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Brigham Young University Education and Law Journal


The widespread use of technology in today's schools has ushered in a host of legal issues that educators and parents could not have contemplated just a few years ago. Within the past decade, students have had the unprecedented ability to send text messages and instant messages, create websites, post blogs, construct Internet profiles, and post messages on burgeoning social networking sites, most notably Facebook. Even when students engage in such speech-related activity off campus using their personal computers, their actions and posts on such social networking sites as MySpace and Facebook can have carryover effects into school and classroom environments.

The question of whether educational administrators can discipline students for Internet postings made off campus has been controversial, as evidenced by four recent decisions: a pair from the Third Circuit and single cases from the Fourth and Eighth Circuits. The issue in these cases, which reached different outcomes, revolved around the reach of such postings into the school setting and how they affected the safe and efficient operation of the schools. Given the nature of the Internet, this is no easy question and presents school administrators with First Amendment Issues never before contemplated.

As these recent appellate court decisions illustrate, educational administrators are rightfully concerned when students post negative comments about school personnel or peers on the Internet for all to see. Litigation has arisen when school officials have disciplined students for derogatory, defamatory, lewd, and threatening items students have posted about teachers, administrators, and classmates on social networking sites such as MySpace and Facebook. In challenging the disciplinary sanctions imposed on them, students have alleged that punishments, such as suspensions or loss of privileges, amount to unconstitutional censorship and have questioned the rights of administrators to impose discipline for off-campus activities.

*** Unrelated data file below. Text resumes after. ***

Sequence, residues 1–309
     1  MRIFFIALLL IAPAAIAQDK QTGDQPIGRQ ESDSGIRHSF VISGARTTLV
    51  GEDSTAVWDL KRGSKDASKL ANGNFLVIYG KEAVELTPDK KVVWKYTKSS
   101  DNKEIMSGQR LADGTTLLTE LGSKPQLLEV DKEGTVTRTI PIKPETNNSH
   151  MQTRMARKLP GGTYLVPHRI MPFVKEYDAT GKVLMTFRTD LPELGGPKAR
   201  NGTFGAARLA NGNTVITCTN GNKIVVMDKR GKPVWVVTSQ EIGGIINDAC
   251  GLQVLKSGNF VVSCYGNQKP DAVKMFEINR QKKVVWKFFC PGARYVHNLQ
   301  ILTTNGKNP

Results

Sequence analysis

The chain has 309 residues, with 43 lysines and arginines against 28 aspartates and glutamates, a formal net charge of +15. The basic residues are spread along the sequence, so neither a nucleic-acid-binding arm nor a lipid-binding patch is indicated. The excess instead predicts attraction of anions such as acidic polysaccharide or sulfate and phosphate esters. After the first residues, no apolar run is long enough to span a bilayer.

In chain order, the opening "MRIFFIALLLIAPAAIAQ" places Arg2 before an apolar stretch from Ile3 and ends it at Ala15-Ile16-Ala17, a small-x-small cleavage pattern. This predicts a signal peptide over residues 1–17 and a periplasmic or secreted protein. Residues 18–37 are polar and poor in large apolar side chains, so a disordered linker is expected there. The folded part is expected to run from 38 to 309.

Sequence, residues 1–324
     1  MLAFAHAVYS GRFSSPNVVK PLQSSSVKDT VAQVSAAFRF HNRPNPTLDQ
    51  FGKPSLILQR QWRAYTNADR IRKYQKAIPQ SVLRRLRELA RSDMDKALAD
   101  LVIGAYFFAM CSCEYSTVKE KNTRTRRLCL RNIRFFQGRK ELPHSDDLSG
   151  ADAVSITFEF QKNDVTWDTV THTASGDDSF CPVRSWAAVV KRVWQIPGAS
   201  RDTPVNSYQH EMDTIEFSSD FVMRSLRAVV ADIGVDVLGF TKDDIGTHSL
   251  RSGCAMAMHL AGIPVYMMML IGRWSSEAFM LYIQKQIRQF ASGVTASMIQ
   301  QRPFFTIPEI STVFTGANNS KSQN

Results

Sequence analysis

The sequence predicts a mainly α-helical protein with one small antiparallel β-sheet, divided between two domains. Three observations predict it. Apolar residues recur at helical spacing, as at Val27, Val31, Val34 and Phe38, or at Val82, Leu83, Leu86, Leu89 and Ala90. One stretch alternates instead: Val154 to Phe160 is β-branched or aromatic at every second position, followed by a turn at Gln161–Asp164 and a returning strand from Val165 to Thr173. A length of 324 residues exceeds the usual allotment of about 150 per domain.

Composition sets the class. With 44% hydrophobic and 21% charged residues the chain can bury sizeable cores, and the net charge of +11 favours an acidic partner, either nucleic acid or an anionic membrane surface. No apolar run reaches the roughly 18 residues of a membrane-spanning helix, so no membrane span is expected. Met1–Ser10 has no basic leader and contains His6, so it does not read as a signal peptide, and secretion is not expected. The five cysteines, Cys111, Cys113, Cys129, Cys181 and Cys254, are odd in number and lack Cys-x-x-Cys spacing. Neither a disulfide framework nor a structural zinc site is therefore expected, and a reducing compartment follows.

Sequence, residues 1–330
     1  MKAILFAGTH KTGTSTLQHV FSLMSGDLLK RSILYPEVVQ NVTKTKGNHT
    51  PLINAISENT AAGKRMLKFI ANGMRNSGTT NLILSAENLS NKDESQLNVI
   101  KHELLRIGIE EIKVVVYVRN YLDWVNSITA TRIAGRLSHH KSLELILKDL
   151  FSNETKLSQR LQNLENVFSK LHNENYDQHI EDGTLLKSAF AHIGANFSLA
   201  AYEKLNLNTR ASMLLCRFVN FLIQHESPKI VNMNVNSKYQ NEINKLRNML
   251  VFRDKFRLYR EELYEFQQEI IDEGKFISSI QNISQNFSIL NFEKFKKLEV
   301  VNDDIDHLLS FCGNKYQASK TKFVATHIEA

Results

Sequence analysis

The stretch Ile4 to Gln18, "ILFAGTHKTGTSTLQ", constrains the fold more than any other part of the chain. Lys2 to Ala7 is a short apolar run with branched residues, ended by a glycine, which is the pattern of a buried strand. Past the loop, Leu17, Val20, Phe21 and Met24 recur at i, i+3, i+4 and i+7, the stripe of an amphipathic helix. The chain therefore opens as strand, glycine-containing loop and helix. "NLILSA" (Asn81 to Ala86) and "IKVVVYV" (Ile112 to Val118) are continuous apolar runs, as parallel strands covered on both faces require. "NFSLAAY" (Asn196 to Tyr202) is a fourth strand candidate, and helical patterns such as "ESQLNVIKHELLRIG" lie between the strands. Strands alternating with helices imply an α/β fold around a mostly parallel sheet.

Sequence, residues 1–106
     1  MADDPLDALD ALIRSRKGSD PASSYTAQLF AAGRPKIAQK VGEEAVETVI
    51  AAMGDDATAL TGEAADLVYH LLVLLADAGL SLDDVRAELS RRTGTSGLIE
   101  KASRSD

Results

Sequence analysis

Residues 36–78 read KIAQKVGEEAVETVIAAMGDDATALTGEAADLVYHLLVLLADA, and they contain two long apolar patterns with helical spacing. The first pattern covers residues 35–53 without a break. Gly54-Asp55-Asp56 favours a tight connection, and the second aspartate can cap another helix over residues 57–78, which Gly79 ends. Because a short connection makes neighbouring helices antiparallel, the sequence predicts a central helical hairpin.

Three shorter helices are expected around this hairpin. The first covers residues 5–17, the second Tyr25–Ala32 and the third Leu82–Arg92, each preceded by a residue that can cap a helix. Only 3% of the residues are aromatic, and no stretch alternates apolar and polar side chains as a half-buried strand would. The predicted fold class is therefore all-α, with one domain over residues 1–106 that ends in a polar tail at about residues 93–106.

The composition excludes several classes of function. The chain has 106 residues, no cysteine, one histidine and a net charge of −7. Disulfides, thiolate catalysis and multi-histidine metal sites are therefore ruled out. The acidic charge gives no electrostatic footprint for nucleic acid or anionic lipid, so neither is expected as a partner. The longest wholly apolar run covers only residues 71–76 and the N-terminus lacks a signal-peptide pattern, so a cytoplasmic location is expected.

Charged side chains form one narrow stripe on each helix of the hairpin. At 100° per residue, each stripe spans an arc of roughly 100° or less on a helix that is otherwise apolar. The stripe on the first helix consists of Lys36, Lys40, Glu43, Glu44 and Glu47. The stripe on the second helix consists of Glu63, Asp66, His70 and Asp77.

This Article begins by exploring the First Amendment free speech protections afforded to students, along with earlier cases dealing with issues concerning their being disciplined for online postings and cyber threats. The Article next reviews the facts, judicial history, and latest opinions in the four most recent Circuit court cases involving online postings targeted at both school administrators and students. Finally, the Article examines the abilities of school administrators to discipline students for making derogatory and false statements about school personnel or other students via the Internet or other technology, concluding with a discussion about the wisdom of these decisions and recommendations for school administrators. It is important to recognize that the judicial opinions, and thus the focus of this article, are concerned only with the right of school administrators to discipline students for off-campus postings. This Article does not venture into the area of what other recourse educators have to protect themselves against the possible defamatory and damaging effects of false postings.

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Brigham Young University





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Provo, UT



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